The BBC’s Olympics coverage is in danger of becoming too matey

The White Queen in Through The Looking Glass advised Alice to practice believing six impossible things before breakfast; the BBC coverage of the Olympic Games on Sunday morning showed Charlotte Worthington doing ridiculous, incredible feats on a BMX bike before the kettle had boiled. Shortly after that, a gymnast from Russia was effecting a triple pike back somersault on the men’s floor; no man had ever attempted that in a competition before. Certainly puts poaching an egg into perspective.

For this TV viewer, the delight of an Olympic Games is the brief, intense relationships you form with sports you’d never previously given a hoot about: yelling at a taekwondo referee for a shocking decision against a robbed Brit, becoming the leading authority in your own living room on canoeing for an hour and half and then forgetting all about it for four years. The moments come thick and fast, burn brightly and – sorry, legacy claimers and obesity epidemic boffs – then fade. Olympians bring the extraordinary into our homes for a fortnight and televising all of this, being all things to all people, is in itself an impossible job.

The BBC has had a problem this year, partly of its own making and partly not. We have grown so used in recent Olympics to watching every minute of every sport at the click of a red button; this year, the BBC has not got the full rights, so is reduced to being able to show just two events at once on the telly. Money was the reason: the BBC was not able to pay and the Discovery Network has entered the space. Inevitably, medal moments have been missed on the BBC. One notes that some of the angrier critics are also of the “defund the BBC/abolish the licence fee” persuasion; can you have it both ways?

Having less actual live sport has meant more punditry, analysis and chat, which you can either see as being filler or providing context. It certainly provides the same old faces with yet another TV gig. Another downside, particularly if you happen to consume the BBC output on social media, radio or website as well is that you get told the same story multiple times. Like any right-thinking person I was naturally over the moon to hear that Chelsie Giles had won a bronze for Britain in the women’s 52 kg judo; once you’ve heard it for the 17th time that day, it loses its lustre. No offence to Chelsie, to whom one would only say: congratulations, well done, and please don’t break any of my limbs.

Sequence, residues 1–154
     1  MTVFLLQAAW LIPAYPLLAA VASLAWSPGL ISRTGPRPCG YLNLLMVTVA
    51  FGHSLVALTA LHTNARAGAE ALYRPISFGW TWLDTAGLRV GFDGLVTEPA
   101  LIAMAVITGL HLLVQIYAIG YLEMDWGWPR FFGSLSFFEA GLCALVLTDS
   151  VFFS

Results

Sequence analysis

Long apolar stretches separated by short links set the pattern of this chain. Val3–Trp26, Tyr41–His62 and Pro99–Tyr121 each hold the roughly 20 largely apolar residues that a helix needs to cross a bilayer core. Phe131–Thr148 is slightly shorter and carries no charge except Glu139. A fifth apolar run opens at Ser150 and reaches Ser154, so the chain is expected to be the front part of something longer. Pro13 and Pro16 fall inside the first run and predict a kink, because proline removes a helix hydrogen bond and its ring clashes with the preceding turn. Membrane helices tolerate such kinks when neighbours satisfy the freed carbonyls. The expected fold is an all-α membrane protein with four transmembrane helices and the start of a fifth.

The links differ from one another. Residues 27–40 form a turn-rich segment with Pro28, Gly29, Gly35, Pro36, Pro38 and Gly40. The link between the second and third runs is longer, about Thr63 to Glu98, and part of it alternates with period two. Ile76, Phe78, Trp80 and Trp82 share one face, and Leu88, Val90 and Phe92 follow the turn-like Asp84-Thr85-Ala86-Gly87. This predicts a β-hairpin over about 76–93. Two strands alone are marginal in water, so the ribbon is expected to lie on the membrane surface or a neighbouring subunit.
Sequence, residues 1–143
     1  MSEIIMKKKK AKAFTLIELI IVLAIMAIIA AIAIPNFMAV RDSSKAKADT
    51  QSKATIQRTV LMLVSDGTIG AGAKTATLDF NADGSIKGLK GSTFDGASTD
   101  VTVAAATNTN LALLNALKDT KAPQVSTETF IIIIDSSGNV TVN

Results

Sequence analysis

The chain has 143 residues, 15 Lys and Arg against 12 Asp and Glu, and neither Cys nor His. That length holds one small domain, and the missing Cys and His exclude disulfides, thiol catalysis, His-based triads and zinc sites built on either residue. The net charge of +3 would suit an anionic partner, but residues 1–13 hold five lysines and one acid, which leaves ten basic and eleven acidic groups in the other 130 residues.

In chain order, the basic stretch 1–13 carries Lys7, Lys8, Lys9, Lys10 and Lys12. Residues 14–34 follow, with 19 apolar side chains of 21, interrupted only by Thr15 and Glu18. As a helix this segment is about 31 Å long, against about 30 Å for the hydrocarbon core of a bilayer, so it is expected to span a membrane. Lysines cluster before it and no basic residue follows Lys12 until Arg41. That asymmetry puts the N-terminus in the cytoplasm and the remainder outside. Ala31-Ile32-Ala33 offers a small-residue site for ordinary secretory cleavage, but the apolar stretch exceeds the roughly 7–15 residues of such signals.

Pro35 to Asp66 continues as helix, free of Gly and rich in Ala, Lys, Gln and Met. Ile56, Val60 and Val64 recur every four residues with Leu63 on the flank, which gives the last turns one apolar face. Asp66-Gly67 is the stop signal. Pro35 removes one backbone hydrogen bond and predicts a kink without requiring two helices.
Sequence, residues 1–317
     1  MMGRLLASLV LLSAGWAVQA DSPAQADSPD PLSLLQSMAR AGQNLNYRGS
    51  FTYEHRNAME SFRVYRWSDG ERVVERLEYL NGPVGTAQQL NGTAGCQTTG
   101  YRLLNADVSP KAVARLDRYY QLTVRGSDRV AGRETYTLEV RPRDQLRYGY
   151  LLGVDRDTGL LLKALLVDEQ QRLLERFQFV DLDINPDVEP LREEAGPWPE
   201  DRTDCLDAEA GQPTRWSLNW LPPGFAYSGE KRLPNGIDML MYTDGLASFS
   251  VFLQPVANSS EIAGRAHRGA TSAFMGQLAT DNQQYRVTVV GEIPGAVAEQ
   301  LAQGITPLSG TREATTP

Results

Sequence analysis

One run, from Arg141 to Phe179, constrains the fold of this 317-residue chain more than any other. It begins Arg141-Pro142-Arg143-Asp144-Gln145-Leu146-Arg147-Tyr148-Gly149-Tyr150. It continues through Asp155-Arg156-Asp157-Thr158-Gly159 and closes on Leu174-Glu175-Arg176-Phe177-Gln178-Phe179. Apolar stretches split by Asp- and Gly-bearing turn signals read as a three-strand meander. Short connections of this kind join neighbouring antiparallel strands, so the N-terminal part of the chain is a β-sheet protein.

It is a quadrennial pleasure to hear the experience of the likes of Christine Still on gymnastics; as well as getting to know minor sports a little bit from Brit heroes of the recent past. A star has been born in Lutalo Muhammad, the taekwondo pundit: he surely has a great future in broadcasting, beyond the business of explaining the finer points of people kicking each other in the tummy should he so wish. 

Clearly a lot of these sports are a small world, and the people holding the BBC microphones have long-standing personal relationships with the people in the GB lycra. The mixed blessing of this was shown in the 100m post-race interview between Dina Asher-Smith and her friend, the BBC touchline reporter Jeanette Kwakye. Asher-Smith evidently felt comfortable enough with her interlocutor to give a revealing, emotional interview that made for excellent TV. 

On the other hand, she appeared to be saying that a small but significant number of people knew she was carrying an injury into the games that made victory highly unlikely, and that Kwakye was in that inner circle. What the BBC does with athletics at a Games is in many ways excellent, but it’s not exactly journalism in the commonly, or perhaps one should say previously, understood sense. 

But even this matey, compassionate exchange was too much for some: fellow sprinter Adam Gemili was among those online who was upset that the pictures did not cut away from Asher-Smith when she cried. Too cosy? Too nosey? Pleasing everyone does indeed seem impossible.

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